She does have 12-yr-old girl cousins who are into computers and music and sci fi, yes.
I try to use examples of people we know when we're chatting & she says something like "that's girl hair, girls have long hair". I'll reply that auntie x is a girl and she has short hair, and your friend x from nursery is a boy and has long hair. That gives her pause.
I try to talk about my/her/female bodies in general in terms of their strength, what they can do etc... Praise her dancing, jumping, running etc. never denigrate myself in front of her, call myself fat, or mention weight.
Feels like a big task, in the face of outside influences, to raise a strong, confident girl who loves her body and is happy liking what she likes.
Meant to add - very interesting reading others' experiences, and thank you for the book recommendations!
Recently discovered amightygirl.com - full of book, film recommendations and general kick-ass girl role models. Dd might be a bit young for it but think I'll still have a browse with her and see if it sparks an interesting chat.
>But would it ever be "yes DS, you can have pink shoes, and let's not worry about what a 'boy's colour' is because colours belong to everyone"?
WhenTheRed has answered that... why not? But to be sure, its even harder for boys to go against the stereotypes because 'girls' stuff is seen as inferior or people may look askance in case they're being 'turned gay' FGS its the 21st century. Good on Red and her friend! And as has been noted, pink used to be the boys colour. Its just a stupid convention and way of non-verbal labelling now.
>Feels like a big task, in the face of outside influences, to raise a strong, confident girl who loves her body and is happy liking what she likes
Oh, it can be done. You're the biggest influence, especially while she's relatively young. You sound like a strong confident woman even though you had a non-feminist mum!
Joyful - she'll probably be absolutely fine. My DD also liked pirates... so when there was a 'pirates and princesses' party, she solved the problem by going as a pirate princess. When she was given 'jewellery' it was happily accepted and added to her treasure chest. Its probably just as well to have a drawer full of barbies available but visiting friends may well prefer her alternatives. DD had a very 'girlie' friend who thoroughly enjoyed bug hunting or making model aircraft when she came here.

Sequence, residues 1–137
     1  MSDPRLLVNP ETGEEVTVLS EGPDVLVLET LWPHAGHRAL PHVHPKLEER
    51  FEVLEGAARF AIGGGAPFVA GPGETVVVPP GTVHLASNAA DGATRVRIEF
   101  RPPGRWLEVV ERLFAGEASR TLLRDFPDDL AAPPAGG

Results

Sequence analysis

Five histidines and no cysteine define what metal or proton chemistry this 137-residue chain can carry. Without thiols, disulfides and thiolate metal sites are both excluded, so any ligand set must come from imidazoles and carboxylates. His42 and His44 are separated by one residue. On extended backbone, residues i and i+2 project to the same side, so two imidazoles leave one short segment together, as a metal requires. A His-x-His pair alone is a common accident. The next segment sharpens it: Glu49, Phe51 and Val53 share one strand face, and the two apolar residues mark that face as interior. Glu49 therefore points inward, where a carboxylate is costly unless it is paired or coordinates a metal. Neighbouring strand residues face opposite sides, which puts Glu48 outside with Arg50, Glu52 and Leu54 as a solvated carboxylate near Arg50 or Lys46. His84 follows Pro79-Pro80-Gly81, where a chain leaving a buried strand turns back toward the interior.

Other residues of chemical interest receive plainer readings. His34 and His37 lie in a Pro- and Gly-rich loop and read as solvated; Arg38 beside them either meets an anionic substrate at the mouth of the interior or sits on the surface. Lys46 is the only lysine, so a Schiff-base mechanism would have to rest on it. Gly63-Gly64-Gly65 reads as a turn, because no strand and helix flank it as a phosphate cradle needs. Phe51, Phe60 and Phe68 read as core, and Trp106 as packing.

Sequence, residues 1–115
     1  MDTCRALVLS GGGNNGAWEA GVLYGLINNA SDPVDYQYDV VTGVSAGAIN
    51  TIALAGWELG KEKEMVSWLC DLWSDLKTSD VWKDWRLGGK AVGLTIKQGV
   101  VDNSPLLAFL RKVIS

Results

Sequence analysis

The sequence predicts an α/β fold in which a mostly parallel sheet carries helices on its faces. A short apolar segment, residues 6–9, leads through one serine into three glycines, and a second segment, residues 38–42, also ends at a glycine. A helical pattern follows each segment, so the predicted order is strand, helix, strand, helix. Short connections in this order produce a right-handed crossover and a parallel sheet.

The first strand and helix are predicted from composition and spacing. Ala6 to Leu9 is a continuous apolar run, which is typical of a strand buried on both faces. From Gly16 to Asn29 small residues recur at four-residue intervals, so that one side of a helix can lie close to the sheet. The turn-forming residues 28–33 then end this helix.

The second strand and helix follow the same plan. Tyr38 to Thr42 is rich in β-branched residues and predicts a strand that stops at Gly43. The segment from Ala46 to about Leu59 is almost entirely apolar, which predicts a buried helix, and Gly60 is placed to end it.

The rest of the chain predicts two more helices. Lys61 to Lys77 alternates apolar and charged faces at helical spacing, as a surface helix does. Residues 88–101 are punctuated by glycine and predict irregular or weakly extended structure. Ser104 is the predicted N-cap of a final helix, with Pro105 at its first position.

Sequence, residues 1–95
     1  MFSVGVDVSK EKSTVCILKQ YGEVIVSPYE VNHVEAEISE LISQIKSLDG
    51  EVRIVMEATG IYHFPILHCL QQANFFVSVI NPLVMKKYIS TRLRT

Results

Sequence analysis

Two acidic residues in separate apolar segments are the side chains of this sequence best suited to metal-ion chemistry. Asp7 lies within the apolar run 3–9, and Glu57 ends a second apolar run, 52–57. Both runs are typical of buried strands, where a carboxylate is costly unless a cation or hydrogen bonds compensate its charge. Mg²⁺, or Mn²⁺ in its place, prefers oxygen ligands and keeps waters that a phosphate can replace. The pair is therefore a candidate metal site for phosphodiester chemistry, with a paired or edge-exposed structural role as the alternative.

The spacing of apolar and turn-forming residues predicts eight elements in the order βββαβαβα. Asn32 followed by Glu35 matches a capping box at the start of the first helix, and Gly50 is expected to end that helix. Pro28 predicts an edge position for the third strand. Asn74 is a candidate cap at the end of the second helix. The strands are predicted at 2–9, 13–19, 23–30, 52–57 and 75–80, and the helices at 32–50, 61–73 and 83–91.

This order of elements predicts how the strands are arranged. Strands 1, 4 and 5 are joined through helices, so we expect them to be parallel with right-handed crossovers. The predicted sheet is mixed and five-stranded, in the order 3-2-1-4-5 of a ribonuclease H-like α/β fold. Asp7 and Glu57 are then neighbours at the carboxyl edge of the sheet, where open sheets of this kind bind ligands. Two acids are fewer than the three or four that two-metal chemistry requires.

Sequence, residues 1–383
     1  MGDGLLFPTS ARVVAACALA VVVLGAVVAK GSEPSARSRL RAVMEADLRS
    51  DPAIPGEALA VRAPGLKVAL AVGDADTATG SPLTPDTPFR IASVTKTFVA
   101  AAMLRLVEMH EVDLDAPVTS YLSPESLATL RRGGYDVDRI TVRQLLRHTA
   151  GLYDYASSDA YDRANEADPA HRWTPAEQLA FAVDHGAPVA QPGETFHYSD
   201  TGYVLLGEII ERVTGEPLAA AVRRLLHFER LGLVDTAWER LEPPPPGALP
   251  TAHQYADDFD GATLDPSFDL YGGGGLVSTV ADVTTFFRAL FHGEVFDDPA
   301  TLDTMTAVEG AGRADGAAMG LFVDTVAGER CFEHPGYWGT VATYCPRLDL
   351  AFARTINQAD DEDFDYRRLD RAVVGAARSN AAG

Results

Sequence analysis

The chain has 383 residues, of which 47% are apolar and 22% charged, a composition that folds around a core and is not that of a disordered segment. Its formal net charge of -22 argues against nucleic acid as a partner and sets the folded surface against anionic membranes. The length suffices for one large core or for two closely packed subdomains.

I think we have to be clear that being anti-everything-being-pink is not for the reason that conventionally raised boys/men are anti-pink i.e. because it is associated with little girls and that 'being a girl' is a terrible thing.
I have a little one year old DS. When I bought balls for his ball pit, I got one bag of reds,blues,greens and one of pinks etc and mixed them together. The more colours the better I reckon. I intend to eventually do the same with duplo etc. When I buy clothes for him I tend to buy bright colours, animals etc which could be used just as well for a future little sister, but I guess I have to be careful of falling into the neutral/default equalling male.
I'd welcome any other suggestions on raising a boy without limiting him to traditional gender roles and making sure he doesn't limit girls to them either.
He is of course given cuddles, especially when upset and we do not minimise his feelings. I do have both gender typical and gender untypical hobbies and interests, but am a SAHM, DH has more typically male hobbies and works but is supportive - he doesn't have a problem with DS wearing pink or being cuddly or upset etc.
Join the discussion
Registering is free, easy, and means you can join in the discussion, get discounts, win prizes and lots more.Register now
Already registered with Mumsnet? Log in to leave your comment or alternatively, sign in with Facebook or Google.
Please login first.